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Fig. 15 —ANDREA DEL SARTO: Madonna delle Arpie; Uffizi Gallery, Florence PAGE 167

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Fig. 16 —CRISTOFORO SOLARI: Tomb Effigies of Lodovico il Moro and Beatrice d’Este; Certosa di Pavia PAGE 190

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Fig. 17—AMBROGIO DA PREDIS or LEONARDO DA VINCI: Portrait of Bianca Sforza; Pinacoteca Ambrosiana, Milan PAGE 197

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Fig. 18—LEONARDO DA VINCI: Virgin of the Rocks; Louvre, Paris PAGE 204

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Fig. 19—LEONARDO DA VINCI: Self-portrait, red chalk; Turin Gallery PAGE 215

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Fig. 20—LEONARDO DA VINCI: Mona Lisa; Louvre, Paris PAGE 211

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Fig. 21—PIERO DELLA FRANCESCA: Portrait of Duke Federigo da Montefeltro; Uffizi Gallery, Florence PAGE 232

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Fig. 22—LUCA SIGNORELLI: The End of the World (detail), fresco; Cathedral of Orvieto, Chapel of San Brizio PAGE 234

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Fig. 23—IACOPO DELLA QUERCIA: The Nativity, one of four reliefs from the main portal; San Petronio, Bologna PAGE 237

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Fig. 24—IACOPO DELLA QUERCIA: Noah’s Ark, relief; San Petronio, Bologna PAGE 237

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Fig. 25—PERUGINO: Self-portrait; Sistine Chapel, Rome PAGE 245

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Fig. 26 —PINTURICCHIO: The Nativity; Santa Maria del Popolo, Rome PAGE 244

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Fig. 27—ANDREA MANTEGNA: Lodovico Gonzaga and His Family; Castello, Mantua PAGE 253

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Fig. 28—ANDREA MANTEGNA: Adoration of the Shepherds; Metropolitan Museum of Art, New York PAGE 253

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Fig. 29—LEONARDO DA VINCI: Portrait of Isabella d’Este; Louvre, Paris PAGE 255

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Fig. 30—TITIAN: Portrait of Isabella d’Este; Kunsthistorische Museum, Vienna PAGE 256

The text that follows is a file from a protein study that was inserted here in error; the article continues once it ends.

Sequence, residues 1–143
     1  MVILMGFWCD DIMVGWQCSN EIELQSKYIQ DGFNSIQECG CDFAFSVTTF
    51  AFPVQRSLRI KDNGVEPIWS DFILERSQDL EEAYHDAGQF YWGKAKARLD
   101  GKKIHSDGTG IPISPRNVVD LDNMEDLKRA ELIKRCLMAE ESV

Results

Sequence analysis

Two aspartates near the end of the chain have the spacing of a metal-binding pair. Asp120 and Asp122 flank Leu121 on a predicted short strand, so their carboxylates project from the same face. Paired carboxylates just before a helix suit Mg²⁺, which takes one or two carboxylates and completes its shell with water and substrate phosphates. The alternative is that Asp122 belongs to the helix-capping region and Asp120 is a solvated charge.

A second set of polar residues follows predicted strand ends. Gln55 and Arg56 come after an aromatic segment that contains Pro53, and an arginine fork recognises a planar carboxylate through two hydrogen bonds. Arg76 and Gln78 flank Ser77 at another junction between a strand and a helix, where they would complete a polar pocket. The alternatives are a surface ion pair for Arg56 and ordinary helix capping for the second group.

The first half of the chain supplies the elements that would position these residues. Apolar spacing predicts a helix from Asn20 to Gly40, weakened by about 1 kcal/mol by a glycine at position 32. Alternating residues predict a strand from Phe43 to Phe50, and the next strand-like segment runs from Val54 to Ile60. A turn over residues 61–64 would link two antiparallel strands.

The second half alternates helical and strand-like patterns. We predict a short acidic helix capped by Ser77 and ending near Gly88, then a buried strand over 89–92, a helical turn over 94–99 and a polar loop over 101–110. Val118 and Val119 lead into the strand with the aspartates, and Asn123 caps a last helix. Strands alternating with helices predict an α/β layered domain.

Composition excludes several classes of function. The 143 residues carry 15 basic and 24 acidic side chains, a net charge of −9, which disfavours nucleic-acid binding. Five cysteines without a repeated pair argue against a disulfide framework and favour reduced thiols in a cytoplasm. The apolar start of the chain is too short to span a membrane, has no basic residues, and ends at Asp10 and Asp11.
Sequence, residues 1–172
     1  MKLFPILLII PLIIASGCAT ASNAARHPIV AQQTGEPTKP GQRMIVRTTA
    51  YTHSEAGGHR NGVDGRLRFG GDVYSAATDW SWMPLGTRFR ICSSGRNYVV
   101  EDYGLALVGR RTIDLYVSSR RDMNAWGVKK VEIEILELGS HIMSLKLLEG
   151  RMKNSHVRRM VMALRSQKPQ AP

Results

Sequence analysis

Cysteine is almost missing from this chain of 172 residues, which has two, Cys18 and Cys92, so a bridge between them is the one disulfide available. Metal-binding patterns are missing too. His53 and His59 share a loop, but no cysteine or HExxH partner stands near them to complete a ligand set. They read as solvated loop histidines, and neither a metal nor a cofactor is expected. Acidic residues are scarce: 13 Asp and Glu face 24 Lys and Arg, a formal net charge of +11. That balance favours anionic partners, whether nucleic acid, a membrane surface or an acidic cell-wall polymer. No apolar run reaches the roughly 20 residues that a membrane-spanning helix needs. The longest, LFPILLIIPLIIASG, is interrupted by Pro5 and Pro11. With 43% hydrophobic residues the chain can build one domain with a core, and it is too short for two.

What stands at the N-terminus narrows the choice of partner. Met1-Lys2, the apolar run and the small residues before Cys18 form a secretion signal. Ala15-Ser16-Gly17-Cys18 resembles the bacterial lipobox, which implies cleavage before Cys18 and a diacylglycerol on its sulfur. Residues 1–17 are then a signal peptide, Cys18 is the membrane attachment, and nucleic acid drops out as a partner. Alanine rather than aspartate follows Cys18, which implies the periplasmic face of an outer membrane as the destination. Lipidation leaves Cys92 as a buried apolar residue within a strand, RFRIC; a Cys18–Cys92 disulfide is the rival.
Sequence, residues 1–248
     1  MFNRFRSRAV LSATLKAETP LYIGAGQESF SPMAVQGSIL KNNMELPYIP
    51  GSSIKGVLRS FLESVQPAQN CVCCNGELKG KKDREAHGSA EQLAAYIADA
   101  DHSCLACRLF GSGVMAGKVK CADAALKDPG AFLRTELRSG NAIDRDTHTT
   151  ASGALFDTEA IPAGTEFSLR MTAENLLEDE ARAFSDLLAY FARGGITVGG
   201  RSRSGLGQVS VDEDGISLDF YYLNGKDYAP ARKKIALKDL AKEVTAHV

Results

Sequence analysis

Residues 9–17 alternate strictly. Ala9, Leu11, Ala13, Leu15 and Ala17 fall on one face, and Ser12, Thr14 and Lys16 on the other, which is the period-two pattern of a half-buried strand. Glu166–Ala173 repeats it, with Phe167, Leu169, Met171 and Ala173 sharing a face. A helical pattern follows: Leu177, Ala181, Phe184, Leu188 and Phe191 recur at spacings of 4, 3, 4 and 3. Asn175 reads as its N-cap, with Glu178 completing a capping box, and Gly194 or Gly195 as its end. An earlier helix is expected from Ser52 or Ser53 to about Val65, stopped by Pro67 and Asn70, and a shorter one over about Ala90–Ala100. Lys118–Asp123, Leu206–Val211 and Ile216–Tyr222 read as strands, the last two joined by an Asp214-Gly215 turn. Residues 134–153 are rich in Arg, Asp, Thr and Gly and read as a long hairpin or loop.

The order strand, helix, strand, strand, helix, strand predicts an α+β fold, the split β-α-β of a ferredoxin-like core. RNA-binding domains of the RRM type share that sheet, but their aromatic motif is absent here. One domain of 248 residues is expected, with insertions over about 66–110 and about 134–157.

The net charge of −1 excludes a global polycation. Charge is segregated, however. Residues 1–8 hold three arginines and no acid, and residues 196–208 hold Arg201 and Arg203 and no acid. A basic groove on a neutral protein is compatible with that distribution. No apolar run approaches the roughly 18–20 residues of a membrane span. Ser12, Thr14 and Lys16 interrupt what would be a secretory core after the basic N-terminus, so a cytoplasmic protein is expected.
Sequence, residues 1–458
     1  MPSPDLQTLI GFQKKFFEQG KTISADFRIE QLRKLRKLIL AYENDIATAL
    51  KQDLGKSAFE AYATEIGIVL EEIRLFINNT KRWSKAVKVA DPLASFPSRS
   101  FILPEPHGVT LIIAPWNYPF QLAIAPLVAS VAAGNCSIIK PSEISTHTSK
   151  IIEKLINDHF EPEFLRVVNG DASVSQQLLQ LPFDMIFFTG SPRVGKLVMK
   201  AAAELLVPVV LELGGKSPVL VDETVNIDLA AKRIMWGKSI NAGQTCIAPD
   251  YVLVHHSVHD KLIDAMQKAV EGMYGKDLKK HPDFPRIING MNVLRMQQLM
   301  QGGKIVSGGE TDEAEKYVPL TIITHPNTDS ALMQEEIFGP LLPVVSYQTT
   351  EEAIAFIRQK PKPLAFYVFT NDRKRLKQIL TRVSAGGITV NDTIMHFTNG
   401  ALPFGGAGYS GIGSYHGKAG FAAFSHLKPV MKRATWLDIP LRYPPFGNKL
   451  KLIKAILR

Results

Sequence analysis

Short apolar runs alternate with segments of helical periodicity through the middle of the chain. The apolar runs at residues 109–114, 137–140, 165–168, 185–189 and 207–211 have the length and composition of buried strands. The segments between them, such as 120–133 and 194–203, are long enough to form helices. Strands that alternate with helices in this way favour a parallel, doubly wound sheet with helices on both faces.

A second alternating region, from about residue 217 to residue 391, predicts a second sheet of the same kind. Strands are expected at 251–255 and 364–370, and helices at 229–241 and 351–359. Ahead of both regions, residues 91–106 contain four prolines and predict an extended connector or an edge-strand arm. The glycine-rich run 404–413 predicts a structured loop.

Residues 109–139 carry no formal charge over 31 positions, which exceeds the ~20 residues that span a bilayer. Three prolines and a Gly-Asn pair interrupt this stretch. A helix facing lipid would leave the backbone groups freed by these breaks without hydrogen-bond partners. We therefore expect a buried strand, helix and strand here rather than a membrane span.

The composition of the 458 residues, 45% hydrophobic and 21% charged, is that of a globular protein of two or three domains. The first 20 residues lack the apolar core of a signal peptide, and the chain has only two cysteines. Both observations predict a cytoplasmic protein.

Was Leonardo a great scientist? Alexander von Humboldt considered him “the greatest physicist of the fifteenth century,”101 and William Hunter ranked him as “the greatest anatomist of his epoch.”102 He was not as original as Humboldt supposed; many of his ideas in physics had come down to him from Jean Buridan, Albert of Saxony, and other predecessors. He was capable of egregious errors, as when he wrote that “no surface of water that borders upon the air will ever be lower than that of the sea”;103 but such slips are remarkably few in so vast a production of notes on almost everything on the earth or in the sky. His theoretical mechanics were those of a highly intelligent amateur; he lacked training, instruments, and time. That he achieved so much in science, despite these handicaps and his labors in art, is among the miracles of a miraculous age.

From his studies in so many fields Leonardo rose at times to philosophy. “O marvelous Necessity! Thou with supreme reason constrainest all effects to be the direct result of their causes, and by a supreme and irrevocable law every natural action obeys thee by the shortest possible process.”104 This has all the proud ring of nineteenth-century science, and suggests that Leonardo had shed some theology. Vasari, in the first edition of his life of the artist, wrote that he was of “so heretical a cast of mind that he conformed to no religion whatever, accounting it perchance better to be a philosopher than a Christian”105—but Vasari omitted this passage in later editions. Like many Christians of the time, Leonardo took a fling now and then at the clergy; he called them Pharisees, accused them of deceiving the simple with bogus miracles, and smiled at the “false coin” of celestial promissory notes which they exchanged for the coinage of this world.106 On one Good Friday he wrote: “Today all the world is in mourning because one man died in the Orient.”107He seems to have thought that dead saints were incapable of hearing the prayers addressed to them.108 “I could wish that I had such power of language as should avail me to censure those who would extol the worship of men above that of the sun… Those who have wished to worship men as gods have made a very grave error.”109 He took more liberties with Christian iconography than any other Renaissance artist: he suppressed halos, put the Virgin across her mother’s knee, and made the infant Jesus try to bestride the symbolic lamb. He saw mind in matter, and believed in a spiritual soul, but apparently thought that the soul could act only through matter, and only in harmony with invariable laws.110 He wrote that “the soul can never be corrupted with the corruption of the body,”111but he added that “death destroys memory as well as life,”112 and “without the body the soul can neither act nor feel.”113 He addressed the Deity with humility and fervor in some passages;114 but at other times he identified God with Nature, Natural Law, and “Necessity.”115 A mystic pantheism was his religion until his final years.